An image transform codec (compression/decompression algorithm) consists of three steps:
1) a reversible transform, often linear, of the pixels for the purpose of decorrelation,
2) quantization of the transform values, and
3) entropy coding of the quantized transform coefficients.
Our group at Interval Research Corp. has developed an entropy codec which is fast, efficient in silicon area (for implementation in hardware), coding-wise efficient, and practical when the transform is a wavelet pyramid. The use of short wavelet bases is particularly appropriate for our focus on natural scene images quantized to match the human visual system (HVS). We have taken into account the statistical characteristics of quantized wavelet pyramids derived from NTSC video quantized to be viewed under standard conditions. The resulting video pyramids have substantial runs of zeros and also substantial runs of non-zeros. To take advantage of these structures we have introduced a motion Wavelet transform Z codec (WZD) which achieves very good compression ratios and is implementable in a single ASIC of modest size (and very low cost). WZD includes a number of trade-offs which reduce the compression rate but which simplify the implementation and reduce the cost. The codec employs a group of pictures (GOP) of two interlaced video frames (i.e., four video fields).
The results of the wavelet transform are coded using the zero-tree method (well known in the data compression literature). Specific features which contribute to an implementation in a small single chip (or real time implementation on a media processor like Equator) are:
- Motion image compression is used in place of motion compensation
- Transform filters are short and use dyadic rational coefficients with small numerators. Implementation can be accomplished with adds and shifts.
- Processing can be decoupled into the processing of stripes of 8 scan lines each. This helps reduce the RAM requirements to the point that the RAM can be placed in the ASIC itself. This reduces the chip count and also simplifies the satisfaction of RAM bandwidth requirements.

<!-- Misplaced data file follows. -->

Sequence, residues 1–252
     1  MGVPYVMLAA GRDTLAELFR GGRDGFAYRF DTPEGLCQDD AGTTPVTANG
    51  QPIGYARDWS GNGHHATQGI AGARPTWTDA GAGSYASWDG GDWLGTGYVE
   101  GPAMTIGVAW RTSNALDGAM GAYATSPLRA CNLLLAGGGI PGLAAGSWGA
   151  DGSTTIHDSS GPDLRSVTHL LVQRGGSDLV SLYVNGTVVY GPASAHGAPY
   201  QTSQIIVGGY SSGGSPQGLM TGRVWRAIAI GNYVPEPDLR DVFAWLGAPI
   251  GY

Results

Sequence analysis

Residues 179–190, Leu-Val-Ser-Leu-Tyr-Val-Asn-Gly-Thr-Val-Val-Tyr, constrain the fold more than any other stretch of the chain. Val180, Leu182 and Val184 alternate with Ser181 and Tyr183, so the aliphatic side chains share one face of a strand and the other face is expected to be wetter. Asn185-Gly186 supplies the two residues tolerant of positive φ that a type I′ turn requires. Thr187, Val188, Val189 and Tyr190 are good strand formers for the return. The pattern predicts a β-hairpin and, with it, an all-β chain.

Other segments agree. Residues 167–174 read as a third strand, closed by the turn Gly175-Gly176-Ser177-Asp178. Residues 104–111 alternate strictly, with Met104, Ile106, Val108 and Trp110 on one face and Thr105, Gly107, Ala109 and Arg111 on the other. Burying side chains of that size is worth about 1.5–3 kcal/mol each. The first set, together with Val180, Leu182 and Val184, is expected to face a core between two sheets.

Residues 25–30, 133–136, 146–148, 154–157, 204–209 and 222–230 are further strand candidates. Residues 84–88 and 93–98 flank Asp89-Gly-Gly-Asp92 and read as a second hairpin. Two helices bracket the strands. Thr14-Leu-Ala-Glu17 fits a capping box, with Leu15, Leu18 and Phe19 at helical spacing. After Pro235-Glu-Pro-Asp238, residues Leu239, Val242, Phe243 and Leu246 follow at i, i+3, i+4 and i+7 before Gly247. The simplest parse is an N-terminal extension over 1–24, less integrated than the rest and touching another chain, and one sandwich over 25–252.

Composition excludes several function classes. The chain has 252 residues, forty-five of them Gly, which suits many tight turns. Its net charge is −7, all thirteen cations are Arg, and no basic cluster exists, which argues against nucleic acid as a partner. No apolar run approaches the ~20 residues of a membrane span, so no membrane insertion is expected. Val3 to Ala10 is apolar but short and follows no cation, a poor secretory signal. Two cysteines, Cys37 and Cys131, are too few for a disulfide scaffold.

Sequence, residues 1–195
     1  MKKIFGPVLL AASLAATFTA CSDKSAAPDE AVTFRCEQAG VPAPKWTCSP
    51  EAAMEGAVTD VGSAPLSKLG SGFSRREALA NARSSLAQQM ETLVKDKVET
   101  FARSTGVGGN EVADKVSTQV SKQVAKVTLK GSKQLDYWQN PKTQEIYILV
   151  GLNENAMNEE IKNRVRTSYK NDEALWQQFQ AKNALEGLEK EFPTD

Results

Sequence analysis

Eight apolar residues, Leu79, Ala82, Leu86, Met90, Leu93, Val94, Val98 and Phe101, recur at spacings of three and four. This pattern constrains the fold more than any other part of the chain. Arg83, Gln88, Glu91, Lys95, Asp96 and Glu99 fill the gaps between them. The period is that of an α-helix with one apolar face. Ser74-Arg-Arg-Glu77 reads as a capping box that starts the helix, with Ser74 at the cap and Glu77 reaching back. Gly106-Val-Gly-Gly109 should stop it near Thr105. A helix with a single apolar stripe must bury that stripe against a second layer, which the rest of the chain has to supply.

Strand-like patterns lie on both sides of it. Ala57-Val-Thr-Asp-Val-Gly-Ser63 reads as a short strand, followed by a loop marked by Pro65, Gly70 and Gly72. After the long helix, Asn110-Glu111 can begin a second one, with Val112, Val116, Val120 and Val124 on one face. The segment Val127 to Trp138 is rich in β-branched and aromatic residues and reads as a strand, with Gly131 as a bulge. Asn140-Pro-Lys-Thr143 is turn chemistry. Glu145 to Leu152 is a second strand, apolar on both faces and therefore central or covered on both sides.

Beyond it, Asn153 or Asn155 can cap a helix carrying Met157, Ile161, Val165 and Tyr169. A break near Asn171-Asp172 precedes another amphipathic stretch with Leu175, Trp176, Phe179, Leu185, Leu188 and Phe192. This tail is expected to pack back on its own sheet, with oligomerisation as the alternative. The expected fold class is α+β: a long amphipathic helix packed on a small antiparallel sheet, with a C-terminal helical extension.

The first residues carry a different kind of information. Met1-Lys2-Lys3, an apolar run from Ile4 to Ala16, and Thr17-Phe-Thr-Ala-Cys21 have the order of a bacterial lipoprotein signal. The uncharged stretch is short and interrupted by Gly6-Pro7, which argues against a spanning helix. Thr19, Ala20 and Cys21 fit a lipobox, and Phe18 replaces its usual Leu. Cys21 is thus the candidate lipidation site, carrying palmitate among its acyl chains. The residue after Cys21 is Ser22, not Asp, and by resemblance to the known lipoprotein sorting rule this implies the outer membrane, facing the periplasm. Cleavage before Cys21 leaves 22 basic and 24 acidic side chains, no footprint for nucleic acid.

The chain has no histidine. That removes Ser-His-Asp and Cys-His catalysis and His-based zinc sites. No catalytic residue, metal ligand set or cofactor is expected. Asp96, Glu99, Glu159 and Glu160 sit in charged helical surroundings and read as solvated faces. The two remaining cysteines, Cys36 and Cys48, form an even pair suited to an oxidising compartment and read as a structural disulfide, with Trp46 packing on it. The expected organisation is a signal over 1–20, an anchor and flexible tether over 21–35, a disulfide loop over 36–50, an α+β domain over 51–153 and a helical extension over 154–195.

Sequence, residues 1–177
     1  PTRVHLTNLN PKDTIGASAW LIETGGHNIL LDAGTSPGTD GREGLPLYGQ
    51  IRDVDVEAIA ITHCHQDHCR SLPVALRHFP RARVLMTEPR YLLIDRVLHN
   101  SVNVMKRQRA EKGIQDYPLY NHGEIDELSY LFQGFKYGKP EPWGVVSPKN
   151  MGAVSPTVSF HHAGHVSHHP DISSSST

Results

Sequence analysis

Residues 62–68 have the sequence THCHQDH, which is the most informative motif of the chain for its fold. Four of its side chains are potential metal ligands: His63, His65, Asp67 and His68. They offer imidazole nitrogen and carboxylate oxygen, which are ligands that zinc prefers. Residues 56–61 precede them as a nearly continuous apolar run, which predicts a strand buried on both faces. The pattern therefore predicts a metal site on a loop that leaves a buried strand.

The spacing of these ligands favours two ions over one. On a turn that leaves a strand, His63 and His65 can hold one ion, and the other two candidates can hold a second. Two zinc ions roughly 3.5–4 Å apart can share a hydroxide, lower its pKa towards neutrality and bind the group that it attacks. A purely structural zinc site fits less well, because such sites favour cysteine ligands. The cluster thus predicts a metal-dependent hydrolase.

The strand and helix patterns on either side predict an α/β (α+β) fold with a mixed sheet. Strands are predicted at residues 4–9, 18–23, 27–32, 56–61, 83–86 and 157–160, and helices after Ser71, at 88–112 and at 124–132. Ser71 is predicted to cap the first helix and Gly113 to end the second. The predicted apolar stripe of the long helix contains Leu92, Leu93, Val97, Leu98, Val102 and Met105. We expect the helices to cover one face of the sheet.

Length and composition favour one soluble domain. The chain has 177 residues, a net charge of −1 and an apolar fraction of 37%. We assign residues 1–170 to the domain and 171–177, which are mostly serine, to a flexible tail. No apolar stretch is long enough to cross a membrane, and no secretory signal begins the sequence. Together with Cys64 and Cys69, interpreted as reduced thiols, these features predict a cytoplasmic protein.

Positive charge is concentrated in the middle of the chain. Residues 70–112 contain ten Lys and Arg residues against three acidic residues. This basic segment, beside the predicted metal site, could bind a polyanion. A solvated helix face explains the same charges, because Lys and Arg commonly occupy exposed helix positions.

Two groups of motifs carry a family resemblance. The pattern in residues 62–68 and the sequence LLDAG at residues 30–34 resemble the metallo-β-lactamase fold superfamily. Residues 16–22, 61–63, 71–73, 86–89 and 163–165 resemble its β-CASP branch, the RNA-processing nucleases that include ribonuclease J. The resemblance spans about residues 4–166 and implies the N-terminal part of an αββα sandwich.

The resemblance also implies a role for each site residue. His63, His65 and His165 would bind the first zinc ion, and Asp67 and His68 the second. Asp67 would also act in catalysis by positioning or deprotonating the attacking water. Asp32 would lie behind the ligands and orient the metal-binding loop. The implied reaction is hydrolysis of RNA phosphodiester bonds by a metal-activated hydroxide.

- Quantization denominators are powers of two, enabling implementation by shifts.
- A very efficient Z-coding implementation combines with a progressive (i.e., embedded) encoding which is easily rate controlled.
- The codec itself imposes a very low delay of less than 3.5 ms within a field and 67 ms. for a GOP.
The technical innovations that enable the above features set are:
- Edge filters which enable blockwise processing while preserving quadratic continuity across block boundaries, greatly reducing blocking artifacts.
- Field image compression which reduces memory requirements for fields within a GOP.
The approach and advantages of WZD are summarized in the following document .
The simulations that we have performed demonstrate significantly better performance of WZD with respect to the commercially available wavelet codec ADV601 from Analog Devices both perceptually and in signal-to-noise ratio PSNR (by 1-2.3db). WZD is significantly faster (NO multiplication) vs. 55 million multiplications per second for ADV601 for 480x640 video frames. In addition, WZD achieves comparable compression performance to high quality commercial MPEG2 compressors for significantly less cost in computation.
For more technical information on the underlying algorithms please visit our pubilcations web page
The simplicity of the WZD technology allows for a very low cost hardware implementation (e.g. in an ASIC) or very fast software implementation. Interval Research has partnered with Equator Technologies to implement the WZD technology on the MAP1000A media processor. This implementation allows for real time encoding and decoding of full size (CCIR 601), full frame rate (30 frames/s.) video on one MAP1000A processor. This implementation is being demonstrated at the Western Cable Show, December 15, 1999.
For more information on that event please see the following Press Release .